Muklasa Indians

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Muklasa Tribe: Meaning in Alabama and Choctaw, “friends,” or “people of one nation.”

Connections. Since the Muklasa did not speak Muskhogean and their name is from the Koasati, Alabama, or Choctaw language, and since they were near neighbors of the two former, it is evident that they were connected with one or the other of them.

Location. On the south bank of Tallapoosa River in Montgomery County. (See Florida and Oklahoma)

History. When we first hear of the Muklasa in 1675 they were in the position above given and remained there until the end of the Creek-American War, when they are said to have emigrated to Florida in a body. Nothing is heard of them afterward, however, and although Gatschet (1884) states that there was a town of the name in the Creek Nation in the west in his time, I could learn nothing about it when I visited the Creeks in 1911-12.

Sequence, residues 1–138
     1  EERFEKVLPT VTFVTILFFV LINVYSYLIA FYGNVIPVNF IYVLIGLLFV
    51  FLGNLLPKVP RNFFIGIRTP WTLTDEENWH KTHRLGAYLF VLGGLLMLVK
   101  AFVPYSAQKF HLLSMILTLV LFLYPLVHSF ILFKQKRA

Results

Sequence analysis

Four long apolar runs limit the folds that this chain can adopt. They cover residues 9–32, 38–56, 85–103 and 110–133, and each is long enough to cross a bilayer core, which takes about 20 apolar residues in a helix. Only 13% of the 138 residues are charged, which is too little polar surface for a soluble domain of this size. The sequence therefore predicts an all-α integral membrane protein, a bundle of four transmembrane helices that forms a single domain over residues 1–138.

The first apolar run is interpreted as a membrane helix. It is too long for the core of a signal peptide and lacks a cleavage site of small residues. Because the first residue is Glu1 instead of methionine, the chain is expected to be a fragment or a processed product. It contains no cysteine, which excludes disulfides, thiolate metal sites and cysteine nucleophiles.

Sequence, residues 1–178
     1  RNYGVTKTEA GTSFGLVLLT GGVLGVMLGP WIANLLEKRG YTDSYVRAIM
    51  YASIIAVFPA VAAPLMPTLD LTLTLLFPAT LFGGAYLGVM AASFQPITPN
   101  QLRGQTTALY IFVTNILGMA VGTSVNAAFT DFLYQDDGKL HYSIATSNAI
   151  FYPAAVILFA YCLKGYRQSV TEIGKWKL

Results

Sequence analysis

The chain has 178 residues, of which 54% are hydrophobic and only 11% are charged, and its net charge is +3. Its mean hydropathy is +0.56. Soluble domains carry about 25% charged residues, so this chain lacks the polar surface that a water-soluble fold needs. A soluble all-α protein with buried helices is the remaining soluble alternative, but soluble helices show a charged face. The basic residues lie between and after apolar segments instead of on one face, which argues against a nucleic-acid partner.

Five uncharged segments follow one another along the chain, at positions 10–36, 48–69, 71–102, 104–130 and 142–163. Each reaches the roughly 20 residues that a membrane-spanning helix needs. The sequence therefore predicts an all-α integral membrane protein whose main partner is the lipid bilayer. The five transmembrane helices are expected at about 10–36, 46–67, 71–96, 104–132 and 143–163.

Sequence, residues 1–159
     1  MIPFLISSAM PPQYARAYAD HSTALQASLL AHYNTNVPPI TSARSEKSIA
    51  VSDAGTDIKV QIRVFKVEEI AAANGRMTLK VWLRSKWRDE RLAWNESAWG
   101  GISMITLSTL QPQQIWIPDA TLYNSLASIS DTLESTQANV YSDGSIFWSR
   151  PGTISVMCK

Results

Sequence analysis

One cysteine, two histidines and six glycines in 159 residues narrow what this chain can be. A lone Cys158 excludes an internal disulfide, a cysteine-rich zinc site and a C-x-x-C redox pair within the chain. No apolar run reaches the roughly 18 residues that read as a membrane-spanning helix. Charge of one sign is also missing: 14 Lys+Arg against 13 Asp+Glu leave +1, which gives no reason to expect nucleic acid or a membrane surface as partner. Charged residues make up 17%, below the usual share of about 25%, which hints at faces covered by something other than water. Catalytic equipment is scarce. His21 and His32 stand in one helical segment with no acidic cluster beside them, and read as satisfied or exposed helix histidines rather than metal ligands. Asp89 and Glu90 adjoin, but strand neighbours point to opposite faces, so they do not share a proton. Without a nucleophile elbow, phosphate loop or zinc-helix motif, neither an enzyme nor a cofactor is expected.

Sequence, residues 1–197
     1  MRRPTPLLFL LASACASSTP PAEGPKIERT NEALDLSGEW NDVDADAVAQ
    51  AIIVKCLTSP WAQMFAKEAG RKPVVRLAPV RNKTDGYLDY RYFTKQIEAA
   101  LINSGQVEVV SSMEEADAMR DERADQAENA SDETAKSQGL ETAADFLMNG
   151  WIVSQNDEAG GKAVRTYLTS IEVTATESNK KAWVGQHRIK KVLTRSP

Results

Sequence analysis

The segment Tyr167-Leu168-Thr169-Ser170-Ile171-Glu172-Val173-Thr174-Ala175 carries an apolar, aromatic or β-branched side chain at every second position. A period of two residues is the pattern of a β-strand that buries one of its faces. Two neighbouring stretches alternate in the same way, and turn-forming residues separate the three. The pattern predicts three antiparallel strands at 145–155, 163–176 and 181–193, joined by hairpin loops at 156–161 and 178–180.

Population.-In 1760 the Muklasa are said to have had 50 men, in 1761, 30, and in 1792, 30. These are the only figured available regarding their numbers.



MLA Source Citation:

Swanton, John R. The Indian Tribes of North America. Bureau of American Ethnology, Bulletin 145. Washington DC: US Government Printing Office. 1953. AccessGenealogy.com. Web. 12 September 2014. http://www.accessgenealogy.com/native/muklasa-indians.htm - Last updated on Oct 13th, 2013


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